Scratch Made Phyllo Dough

I finally mastered the phyllo dough technique!!  This is big big news in my kitchen, especially since I have been trying this for years.

Yes, phyllo dough is hard to make and very time consuming, but I found a trick!! I wanted to share with those of you who have a hard time making phyllo, or those who haven’t tried yet.


I have included two videos to this post so you can see how we roll our phyllo and the end results of spanakopita and baklava.

My cousin is visiting from Greece, and I taught him how to make phyllo dough from scratch. Watch him roll the dough on the video below. 🙂

Phyllo Dough Recipe



  • 2 2/3 cups of unbleached flour
  • 1/4 tsp of salt
  • 1 cup of water, if you need more add a few more tablespoons
  • 4 tablespoons of vegetable oil
  • 1 teaspoon of cider vinegar


  1. In a mixer bowl, with the paddle attachment, add the flour and salt. In a small bowl, mix together the water, oil, and vinegar. Add in the oil mixture on low speed, mix until the dough becomes soft. If the dough appears to be a bit dry, add a little more water.
  2. Next change to the dough hook, and knead for about 8 minutes or until the dough is smooth. Remove the dough from the mixer, and continue to knead for another 2-3 minutes. This is the part that you can take your frustrations out on the dough lol. Pick up the dough and lay it down hard on the table, and keep kneading. Shape the dough into a ball and lightly cover with oil. Wrap in plastic, and this is the trick. (I let my dough sit over night, and it was super easy to use.) If you have the time to let sit overnight, then do so. If not, let dough sit for at least 2 hours.
  3. When ready to use dough, you need to find a lot of kitchen space to roll out your dough. (I mean LOTS of space!!) I use a granite surface, that really saves me actually. I make tons of bread, and now phyllo.
  4. Remove the dough from the plastic wrap, and use a rolling pin.
  5. Let’s first talk rolling pin. I am not talking the rolling pin we use to make pie crusts. I am talking about a rolling pin that is half that size, and is only for phyllo dough making. I have included a link here of the exact rolling pin you need. >> Rolling Pin
  6. Cut out a small chunk of your dough, and prepare to roll it out. Use a bit of flour, if you need so that prevents the dough from sticking. Completely roll out the dough, until it forms a translucent effect. This part is very IMPORTANT, because if you do not roll it out super thin, then your dough will not turn out when it bakes.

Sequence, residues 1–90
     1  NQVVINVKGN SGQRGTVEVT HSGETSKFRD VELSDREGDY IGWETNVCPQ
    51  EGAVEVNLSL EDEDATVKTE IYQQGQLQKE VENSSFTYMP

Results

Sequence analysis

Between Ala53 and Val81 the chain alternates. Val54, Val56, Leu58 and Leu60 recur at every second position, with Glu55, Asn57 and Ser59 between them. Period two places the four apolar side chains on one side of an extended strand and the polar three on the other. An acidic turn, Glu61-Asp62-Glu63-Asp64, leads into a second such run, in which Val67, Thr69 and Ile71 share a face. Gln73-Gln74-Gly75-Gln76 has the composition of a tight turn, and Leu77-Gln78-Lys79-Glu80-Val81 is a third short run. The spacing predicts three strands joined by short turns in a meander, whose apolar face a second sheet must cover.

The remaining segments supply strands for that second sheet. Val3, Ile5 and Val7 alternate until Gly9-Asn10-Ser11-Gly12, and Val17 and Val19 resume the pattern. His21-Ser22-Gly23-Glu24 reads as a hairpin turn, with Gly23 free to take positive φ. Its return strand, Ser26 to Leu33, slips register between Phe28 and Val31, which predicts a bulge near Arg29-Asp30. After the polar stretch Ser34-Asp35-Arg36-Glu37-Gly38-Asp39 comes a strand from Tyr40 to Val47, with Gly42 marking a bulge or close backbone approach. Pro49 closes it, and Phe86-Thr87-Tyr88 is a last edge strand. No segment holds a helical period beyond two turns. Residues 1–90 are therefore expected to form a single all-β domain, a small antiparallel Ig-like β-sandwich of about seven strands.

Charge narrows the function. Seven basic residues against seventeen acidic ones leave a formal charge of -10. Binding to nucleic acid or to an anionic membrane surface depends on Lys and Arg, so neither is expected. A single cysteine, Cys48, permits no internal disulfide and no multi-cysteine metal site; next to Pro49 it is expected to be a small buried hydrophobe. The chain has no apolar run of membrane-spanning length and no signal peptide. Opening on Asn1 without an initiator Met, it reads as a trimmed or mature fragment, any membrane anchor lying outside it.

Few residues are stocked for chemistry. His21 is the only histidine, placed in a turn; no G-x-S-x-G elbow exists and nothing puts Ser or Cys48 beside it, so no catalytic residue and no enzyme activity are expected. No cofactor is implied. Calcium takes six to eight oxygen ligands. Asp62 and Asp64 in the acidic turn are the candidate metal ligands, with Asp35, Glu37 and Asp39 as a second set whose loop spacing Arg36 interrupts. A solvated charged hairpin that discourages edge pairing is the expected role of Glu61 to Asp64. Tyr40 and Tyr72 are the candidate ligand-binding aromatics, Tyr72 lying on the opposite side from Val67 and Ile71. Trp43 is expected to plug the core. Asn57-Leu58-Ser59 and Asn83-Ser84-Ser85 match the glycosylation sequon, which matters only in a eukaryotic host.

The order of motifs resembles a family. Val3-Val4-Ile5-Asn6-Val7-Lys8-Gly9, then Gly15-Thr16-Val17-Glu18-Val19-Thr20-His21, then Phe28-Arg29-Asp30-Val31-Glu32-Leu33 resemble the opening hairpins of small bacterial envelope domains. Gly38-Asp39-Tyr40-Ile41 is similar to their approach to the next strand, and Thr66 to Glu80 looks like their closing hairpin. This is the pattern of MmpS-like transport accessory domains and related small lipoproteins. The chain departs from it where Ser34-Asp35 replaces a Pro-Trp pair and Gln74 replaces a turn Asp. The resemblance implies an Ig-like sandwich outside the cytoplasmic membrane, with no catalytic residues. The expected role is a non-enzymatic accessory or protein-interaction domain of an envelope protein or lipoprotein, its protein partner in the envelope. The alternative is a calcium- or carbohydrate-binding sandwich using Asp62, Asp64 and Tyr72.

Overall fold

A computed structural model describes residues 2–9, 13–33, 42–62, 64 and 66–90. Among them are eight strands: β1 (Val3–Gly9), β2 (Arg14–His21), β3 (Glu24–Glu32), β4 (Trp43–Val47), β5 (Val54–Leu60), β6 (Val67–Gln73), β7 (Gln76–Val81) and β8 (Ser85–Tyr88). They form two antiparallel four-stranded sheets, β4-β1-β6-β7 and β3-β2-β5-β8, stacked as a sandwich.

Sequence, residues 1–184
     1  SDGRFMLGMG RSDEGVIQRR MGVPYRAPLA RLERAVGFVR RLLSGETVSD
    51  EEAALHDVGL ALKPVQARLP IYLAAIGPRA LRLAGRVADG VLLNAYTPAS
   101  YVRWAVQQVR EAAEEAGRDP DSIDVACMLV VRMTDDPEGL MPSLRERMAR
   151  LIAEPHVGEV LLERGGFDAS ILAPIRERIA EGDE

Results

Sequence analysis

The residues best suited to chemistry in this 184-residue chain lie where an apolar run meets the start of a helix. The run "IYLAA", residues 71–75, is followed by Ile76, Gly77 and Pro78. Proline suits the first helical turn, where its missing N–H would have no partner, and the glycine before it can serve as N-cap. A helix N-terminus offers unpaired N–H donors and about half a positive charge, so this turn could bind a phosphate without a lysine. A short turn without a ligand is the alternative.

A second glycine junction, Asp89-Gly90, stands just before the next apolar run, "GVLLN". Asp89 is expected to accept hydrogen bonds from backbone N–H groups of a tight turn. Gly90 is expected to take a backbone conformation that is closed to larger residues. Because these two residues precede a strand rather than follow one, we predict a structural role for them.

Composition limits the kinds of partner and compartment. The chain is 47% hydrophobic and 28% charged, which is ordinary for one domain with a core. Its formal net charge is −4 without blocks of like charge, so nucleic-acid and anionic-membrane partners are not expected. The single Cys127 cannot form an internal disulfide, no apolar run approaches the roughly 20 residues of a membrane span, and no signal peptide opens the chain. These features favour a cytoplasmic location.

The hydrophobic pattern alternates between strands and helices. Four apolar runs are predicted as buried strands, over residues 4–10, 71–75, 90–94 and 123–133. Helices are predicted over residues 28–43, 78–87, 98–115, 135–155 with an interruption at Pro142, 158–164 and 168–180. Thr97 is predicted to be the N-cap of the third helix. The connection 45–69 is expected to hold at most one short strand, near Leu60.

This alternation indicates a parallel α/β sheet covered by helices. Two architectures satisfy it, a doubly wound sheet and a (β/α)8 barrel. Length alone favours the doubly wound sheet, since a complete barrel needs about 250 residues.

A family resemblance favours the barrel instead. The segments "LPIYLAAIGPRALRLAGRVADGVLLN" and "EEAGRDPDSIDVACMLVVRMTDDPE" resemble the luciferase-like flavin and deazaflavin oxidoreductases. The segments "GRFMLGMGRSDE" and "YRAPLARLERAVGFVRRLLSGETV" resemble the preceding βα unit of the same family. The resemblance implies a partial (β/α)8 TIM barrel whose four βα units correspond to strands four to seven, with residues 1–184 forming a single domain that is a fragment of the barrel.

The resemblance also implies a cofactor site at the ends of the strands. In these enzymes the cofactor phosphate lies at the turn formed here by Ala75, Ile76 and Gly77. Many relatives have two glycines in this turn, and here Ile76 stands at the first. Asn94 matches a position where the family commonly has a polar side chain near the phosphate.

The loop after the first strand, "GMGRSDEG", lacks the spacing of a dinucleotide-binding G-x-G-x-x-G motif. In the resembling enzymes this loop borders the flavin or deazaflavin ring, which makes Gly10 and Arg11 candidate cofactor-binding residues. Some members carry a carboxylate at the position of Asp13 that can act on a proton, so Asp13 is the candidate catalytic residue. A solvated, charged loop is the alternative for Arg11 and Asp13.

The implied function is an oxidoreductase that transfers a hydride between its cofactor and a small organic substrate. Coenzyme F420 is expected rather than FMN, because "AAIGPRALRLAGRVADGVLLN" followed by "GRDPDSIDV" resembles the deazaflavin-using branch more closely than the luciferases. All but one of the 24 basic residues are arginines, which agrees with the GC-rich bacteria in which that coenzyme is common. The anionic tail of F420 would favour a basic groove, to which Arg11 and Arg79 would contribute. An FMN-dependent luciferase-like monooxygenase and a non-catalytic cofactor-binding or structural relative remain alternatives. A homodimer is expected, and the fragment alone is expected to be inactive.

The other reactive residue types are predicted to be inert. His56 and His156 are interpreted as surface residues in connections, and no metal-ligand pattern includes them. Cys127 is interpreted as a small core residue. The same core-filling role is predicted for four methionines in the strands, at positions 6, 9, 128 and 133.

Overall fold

7. When you get your dough as thin as you possibly can, set aside on a baking sheet, making sure they are well floured. Now, make sure that you place a damp cloth over the already made phyllo sheets, to prevent them from drying out.

**When ready to use phyllo sheets, follow recipe and make sure to brush phyllo with butter or olive oil.

Now you can make, Baklava, Tiropita, or Spanakopita! Whatever your heart desires. 🙂

~This is what our baklava looked like with the home made phyllo dough. 🙂


Kali Orexi!!



      • I use baking soda and baking powder instead of vinegar. It took a long time to get my rolling technique down. I use 2 different rollers. I start with a classic rolling pin, and then I use a French rolling pin to get it real thin. I have looked everywhere for a thin long Greek pin, but haven’t been able to find one. My Yiayia used to make her dough homemade, and I’m so happy I can recreate it. It is nice to know there are other people still making their own dough. It is so different from the store bought. Great post! Have a happy weekend 😀

        Liked by 1 person

      • Interesting! I have heard of baking powder but haven’t tried it. Apple cider vinegar works for me.

        Yes I know people in Greece who use the very skinny roller which I use.

        Thank you for enjoying my post! Really happy to hear you make your own. Thank you for sharing your technique. I will have to try that out sometime. 🙂

        Polla polla filia! Kalo Mina. 🙂

        Liked by 1 person

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